U.S. employers have become less satisfied with their health insurers, according to a study by consultancy PricewaterhouseCoopers’ Health Research Institute.
Hit hard by the recession, employers of all sizes are taking a critical look at their health benefits strategy and the value they derive from it. They are looking to their health plan providers for information, technology and strategies to help reduce waste in health care spending and better engage employees in managing their health.
The report, What Employers Want from Health Insurers in 2010, is based on a study of nearly 250 employers, ranging from large U.S.-based multinationals to privately held small companies. Survey data collected in the second quarter of 2009 looked at how employers viewed health plans in 12 key service areas across four main categories: financial, customer service and claims administration, use of technology and population health management. Major findings include:
• Overall satisfaction of health insurers by large employers has decreased to 59 percent from 64 percent in 2008.
• Small employers continue to be less satisfied with health insurers than large employers, with overall satisfaction remaining steady at 52 percent, but the gap between large and small employers is narrowing as large employer satisfaction erodes.
• Employee cost-sharing continues to be the most prevalent strategy for employers. Sixty percent of employers surveyed said they would further increase cost sharing for health care with their employees in the year ahead.
• Claims processing, administrative fees and provider discounts remain among the most important basic service offerings for large and small employers, though among large employers, wellness programs surpassed provider discounts as the more important offering.
• Wellness and disease management programs are popular among employers, but companies that offer them are frustrated with the low level of employee participation. Seventy-one percent of companies surveyed now offer wellness programs and 67 percent offer disease management programs.
• Employee participation in wellness programs continues to hover at around 50 percent. Many employers are finding that simple financial incentives such as cash, gift cards and annual premium savings are no longer working as a way to engage employees.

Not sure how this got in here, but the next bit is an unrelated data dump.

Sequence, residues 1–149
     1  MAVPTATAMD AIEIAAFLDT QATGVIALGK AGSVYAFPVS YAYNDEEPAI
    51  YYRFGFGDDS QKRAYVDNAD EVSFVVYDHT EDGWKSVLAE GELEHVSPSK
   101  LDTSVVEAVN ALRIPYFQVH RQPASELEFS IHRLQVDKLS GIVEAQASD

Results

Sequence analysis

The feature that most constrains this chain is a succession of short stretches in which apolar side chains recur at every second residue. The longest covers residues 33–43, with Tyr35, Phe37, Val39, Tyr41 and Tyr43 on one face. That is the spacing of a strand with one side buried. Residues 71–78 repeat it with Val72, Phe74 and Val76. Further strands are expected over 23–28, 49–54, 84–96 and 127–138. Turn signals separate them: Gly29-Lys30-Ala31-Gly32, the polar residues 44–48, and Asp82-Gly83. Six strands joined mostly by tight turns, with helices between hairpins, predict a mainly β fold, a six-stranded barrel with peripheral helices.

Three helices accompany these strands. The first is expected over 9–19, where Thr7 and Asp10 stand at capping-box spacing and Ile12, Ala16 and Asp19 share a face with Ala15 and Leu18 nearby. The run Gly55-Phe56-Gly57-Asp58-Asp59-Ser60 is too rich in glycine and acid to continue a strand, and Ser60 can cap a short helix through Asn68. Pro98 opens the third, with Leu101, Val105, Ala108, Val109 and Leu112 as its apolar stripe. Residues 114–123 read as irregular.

• Interest in personal technology tools such as personal health records and online comparison tools is surging. Nearly half of all employers say it is important for insurers to offer these tools, but less than half are satisfied with what they are getting.
“Employers recognize that it’s better to manage the health of their workforce than to manage the cost of illness, and they want their health plan to help manage the entire health continuum,” says Paul Veronneau, principal and U.S. health care payer leader at PricewaterhouseCoopers. “There is only so much insurers can do to manage health and cost through provider discounts or on the back end of a claim. This is an opportunity for health insurers to look beyond traditional strategies and get more aggressive about health care quality and value.”
‘Employers recognize that it’s better to manage
the health of their workforce than to manage
the cost of illness.’
What Employers Want from Health Insurers
The following are key recommendations for insurers based on PricewaterhouseCoopers’ analysis:
• Be a consultative partner with employers to help improve workers’ health and advocate for employer health strategies.
• Take a more active role in waste reduction.
• Offer better strategies for engaging employees in wellness and disease management programs.
• Provide more meaningful, actionable and higher-quality data to build workforce profiles that will help employers better understand the health of their workforce, find intervention points for better outcomes, and create targeted outreach and engagement campaigns.
• Deliver consistent and transparent health benefit plan reporting.
• Provide personal technology tools for employees.
• Assist in the continuity and coordination of care among patients and physicians.
• Provide education that will simplify health plans and benefits, engage workers in real behavior change, and translate benefit information into actions that promote wellness.
The study found that small and large employers were more closely aligned in 2009 regarding what they want from insurers than in 2008, when there were distinct gaps between what each group considered most important. However, the importance of wellness programs continues to be the area with the greatest gap between large and small employers:
• Nearly 80 percent of large employers indicate that wellness programs are important to them, compared with 57 percent of small employers.
• However, small employers are catching up in seeing the value of these programs. Wellness programs and personal health records are the two service areas that experienced the largest increase in importance among small employers since 2008.
Performance guarantees continue to be rated the least important financial service offering among large employers, dropping almost 20 percentage points in importance and satisfaction since 2008. This could indicate that employers are not getting clear value from existing performance guarantees. According to the study report, employers need better information on their employee population to determine how to structure performance guarantees to meet their expectations for health and financial outcomes.
Stephen Miller is an online editor/manager for SHRM.
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